Was the Six-Month Time Requirement Tolled?

7. On appeal, the State argues that NMRA 5-604(B)(4) does not require that it obtain an extension beyond the August 18, 1994, deadline because prior to this date the district court certified the question for interlocutory appeal and it was undisputed that Defendant intended to pursue an interlocutory appeal, thereby suspending the proceedings under our case law. The State further argues that under the plain language of NMRA 5-604(B)(4), the six-month period within which to commence trial began anew when this Court’s mandate was issued on October 14, 1994. In response, Defendant has abandoned the argument that the State was required to obtain an extension before the August 18, 1994, deadline. Instead, she maintains that we should affirm under a “right for the wrong reason” rationale by recognising a “tolling” provision for six-month rule interlocutory appeals. She argues that there were six days remaining under the original six-month trial deadline, when the district court certified the matter for interlocutory appeal. Under Defendant’s theory, the State had only six days remaining within which to commence Defendant’s trial after the issuance of this Court’s mandate and that the time for commencing trial ran out on October 18,1994. We disagree.

8. NMRA 5-604(B)(4), promulgated by our Supreme Court, provides:

Time limits for commencement of trial.
The trial of a criminal case or an habitual criminal proceeding shall be commenced six (6) months after whichever of the following events occurs latest:
(4) in the event of an appeal, including interlocutory appeals, the date the mandate or order is filed in the district court disposing of the appeal.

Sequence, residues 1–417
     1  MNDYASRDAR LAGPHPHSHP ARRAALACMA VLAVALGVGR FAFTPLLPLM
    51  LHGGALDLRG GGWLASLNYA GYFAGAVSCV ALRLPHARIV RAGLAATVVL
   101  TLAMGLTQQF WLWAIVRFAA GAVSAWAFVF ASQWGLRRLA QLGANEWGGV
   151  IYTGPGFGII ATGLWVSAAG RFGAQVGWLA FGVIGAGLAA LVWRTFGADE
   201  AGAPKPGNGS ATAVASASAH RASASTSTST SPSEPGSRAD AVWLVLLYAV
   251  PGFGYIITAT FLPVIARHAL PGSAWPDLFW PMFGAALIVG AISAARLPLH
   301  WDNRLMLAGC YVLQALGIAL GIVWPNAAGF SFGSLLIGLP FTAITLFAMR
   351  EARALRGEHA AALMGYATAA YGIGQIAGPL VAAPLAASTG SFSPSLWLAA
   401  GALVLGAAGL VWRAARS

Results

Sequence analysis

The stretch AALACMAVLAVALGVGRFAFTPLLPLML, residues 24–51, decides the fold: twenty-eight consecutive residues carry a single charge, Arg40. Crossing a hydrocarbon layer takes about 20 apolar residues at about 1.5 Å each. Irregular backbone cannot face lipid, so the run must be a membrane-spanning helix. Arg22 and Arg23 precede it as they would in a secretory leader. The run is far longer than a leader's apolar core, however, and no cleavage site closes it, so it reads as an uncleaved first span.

9. Under NMRA 5-604(B)(4), the State had an additional six months to commence trial after the mandate was issued by this Court. See State v. Eden, 108 N.M. 737, 742, 779 P.2d 114, 119 (Ct.App.) (denial of application for interlocutory appeal and issuance of appellate court mandate activates “new six-month period [within] which to commence trial”), cert. denied, 108 N.M. 681, 777 P.2d 1325 (1989). In State v. Coburn, 120 N.M. 214, 217, 900 P.2d 963, 966 (Ct.App.), cert. denied, 120 N.M. 68, 898 P.2d 120 (1995), we observed that a literal application of the six-month rule “will be set aside only when there is an event extending pretrial activity to the mutual benefit of the parties, or where there is an attempt by the State to circumvent the rule without justification.” Applying a common-sense interpretation to the rule in question, we conclude that the filing of the interlocutory appeal by Defendant on August 22, 1994, interrupted the running of the six-month rule, and the six-month time period was triggered anew on October 14, 1994, when the Court of Appeals’ mandate disposing of Defendant’s interlocutory appeal was filed in the district court. NMRA 5-*301604(B)(4); see also State v. Sanchez, 109 N.M. 313, 316-17, 785 P.2d 224, 227-28 (1989) (holding six-month rule suspended based on parties’ agreement that proceedings be held in abeyance- pending ruling by court on plea bargain); State v. Mendoza, 108 N.M. 446, 448-49, 774 P.2d 440, 442-43 (1989) (six-month time period suspended during period parties mutually pursued mental exam to determine the defendant’s competency); State v. Flores, 99 N.M. 44, 46, 653 P.2d 875, 877 (1982) (under former rule, failure of the defendant to appear at court hearing resulting in issuance of bench warrant for his arrest interrupted running of six-month rule); State v. Altherr, 117 N.M. 403, 406, 872 P.2d 376, 379 (Ct.App.) (six-month rule suspended during the defendant’s participation in preprosecution diversion program), cert. denied, 117 N.M. 524, 873 P.2d 270 (1994). Thus, it was not necessary for the State to obtain an extension beyond August 18, 1994.